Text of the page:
I tell you what though, rocking a Tyvex suit first thing in the morning dealing with fiberglass is not my favorite way to start the day. But, just getting it done. We primed the bottom of the box before adding several coats of Herculiner as a protective barrier. With the Ford 6.0 motor historically having some serious issues we brought it to Stroker Diesel to have it bullet-proofed before mounting the camper to the truck. I want to cut a path through from the main cab into the camper, which is just behind us. Everybody's told me it's a bad idea. All of my smarter friends that have helped me out on this project, all the people that are much smarter than I am think it's a terrible idea. But the original dream was to have it this way and we haven't digressed from the initial goal. In fact, we've only made it better and better and better as we've gone along. So we're not about to back off now.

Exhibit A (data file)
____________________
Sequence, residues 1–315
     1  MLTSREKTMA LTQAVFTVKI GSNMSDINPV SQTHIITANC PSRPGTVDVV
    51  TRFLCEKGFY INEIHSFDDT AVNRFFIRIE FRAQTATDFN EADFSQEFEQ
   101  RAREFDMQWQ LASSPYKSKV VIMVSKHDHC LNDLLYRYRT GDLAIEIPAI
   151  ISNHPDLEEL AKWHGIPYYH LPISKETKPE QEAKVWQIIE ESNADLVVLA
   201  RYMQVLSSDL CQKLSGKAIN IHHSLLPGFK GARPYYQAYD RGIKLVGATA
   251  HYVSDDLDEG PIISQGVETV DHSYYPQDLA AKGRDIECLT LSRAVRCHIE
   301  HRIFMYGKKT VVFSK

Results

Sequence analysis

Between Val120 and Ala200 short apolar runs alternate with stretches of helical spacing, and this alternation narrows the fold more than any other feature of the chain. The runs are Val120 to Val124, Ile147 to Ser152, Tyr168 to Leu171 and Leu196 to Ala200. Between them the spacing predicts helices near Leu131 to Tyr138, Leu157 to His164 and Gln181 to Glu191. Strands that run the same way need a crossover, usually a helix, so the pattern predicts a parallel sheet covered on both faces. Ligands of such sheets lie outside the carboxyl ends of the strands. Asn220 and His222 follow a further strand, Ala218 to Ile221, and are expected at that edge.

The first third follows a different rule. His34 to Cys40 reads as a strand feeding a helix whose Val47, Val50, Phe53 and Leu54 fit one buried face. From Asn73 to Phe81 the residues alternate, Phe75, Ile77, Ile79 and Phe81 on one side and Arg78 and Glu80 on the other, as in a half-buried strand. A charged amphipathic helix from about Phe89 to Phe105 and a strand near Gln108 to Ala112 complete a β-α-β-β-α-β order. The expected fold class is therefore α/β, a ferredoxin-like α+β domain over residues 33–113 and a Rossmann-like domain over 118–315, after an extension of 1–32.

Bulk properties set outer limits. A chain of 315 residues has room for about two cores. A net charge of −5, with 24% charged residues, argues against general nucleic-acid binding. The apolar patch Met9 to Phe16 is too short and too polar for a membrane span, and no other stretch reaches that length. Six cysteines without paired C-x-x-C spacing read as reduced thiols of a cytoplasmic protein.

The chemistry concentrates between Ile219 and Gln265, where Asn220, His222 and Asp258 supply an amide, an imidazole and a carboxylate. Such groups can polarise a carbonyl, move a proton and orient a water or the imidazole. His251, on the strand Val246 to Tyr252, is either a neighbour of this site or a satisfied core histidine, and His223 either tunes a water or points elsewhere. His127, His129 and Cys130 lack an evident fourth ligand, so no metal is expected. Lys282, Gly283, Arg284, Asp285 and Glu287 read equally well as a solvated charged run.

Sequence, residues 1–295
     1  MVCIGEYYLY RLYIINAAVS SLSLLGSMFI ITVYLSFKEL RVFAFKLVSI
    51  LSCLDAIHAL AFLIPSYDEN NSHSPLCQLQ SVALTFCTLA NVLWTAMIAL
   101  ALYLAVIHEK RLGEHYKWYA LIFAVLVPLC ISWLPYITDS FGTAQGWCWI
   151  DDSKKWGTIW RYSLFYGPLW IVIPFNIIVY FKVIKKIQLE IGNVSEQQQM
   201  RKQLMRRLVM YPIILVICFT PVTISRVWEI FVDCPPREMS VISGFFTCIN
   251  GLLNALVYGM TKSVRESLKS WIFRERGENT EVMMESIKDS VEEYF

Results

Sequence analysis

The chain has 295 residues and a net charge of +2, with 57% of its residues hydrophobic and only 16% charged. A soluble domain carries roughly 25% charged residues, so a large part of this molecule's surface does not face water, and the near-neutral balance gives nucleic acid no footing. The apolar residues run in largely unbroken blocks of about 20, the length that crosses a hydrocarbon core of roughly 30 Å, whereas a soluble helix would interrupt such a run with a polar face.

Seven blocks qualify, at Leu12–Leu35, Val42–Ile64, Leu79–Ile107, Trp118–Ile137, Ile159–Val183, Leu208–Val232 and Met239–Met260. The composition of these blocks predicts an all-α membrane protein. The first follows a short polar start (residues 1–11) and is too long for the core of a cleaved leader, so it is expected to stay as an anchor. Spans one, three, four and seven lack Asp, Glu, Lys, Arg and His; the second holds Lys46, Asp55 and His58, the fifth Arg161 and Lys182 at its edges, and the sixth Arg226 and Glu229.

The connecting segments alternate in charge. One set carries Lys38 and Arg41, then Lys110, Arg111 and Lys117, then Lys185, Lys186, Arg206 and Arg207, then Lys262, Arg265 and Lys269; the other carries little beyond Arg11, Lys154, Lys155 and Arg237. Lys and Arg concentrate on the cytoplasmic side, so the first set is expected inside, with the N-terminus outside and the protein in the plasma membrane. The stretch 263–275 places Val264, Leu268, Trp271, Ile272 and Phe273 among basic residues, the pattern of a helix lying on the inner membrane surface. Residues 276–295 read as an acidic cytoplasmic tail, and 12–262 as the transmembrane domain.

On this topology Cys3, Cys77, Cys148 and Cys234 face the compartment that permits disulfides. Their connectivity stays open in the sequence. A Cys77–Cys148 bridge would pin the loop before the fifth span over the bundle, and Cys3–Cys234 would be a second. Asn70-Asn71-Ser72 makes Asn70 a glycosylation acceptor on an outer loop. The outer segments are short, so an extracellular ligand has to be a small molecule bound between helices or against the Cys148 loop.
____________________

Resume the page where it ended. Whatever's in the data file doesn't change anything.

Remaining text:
So, here we go! We're going to try and pop this window out and see what it entails. Kicker is the only one that told me it was a good idea. Thank you. I appreciate your support. Not gonna lie, cutting out the back of the truck kind of felt like I was breaking the rules, which also felt great. So Josh just fabricated these aluminum plugs to fill the gap where the window was and then we're gonna also have an aluminum kind of skirt where this accordion boot is gonna go to mate the truck and the camper but look at those, that's sick dude good work! All right, so we've got all the condo stuff done, prepped, and ready to go.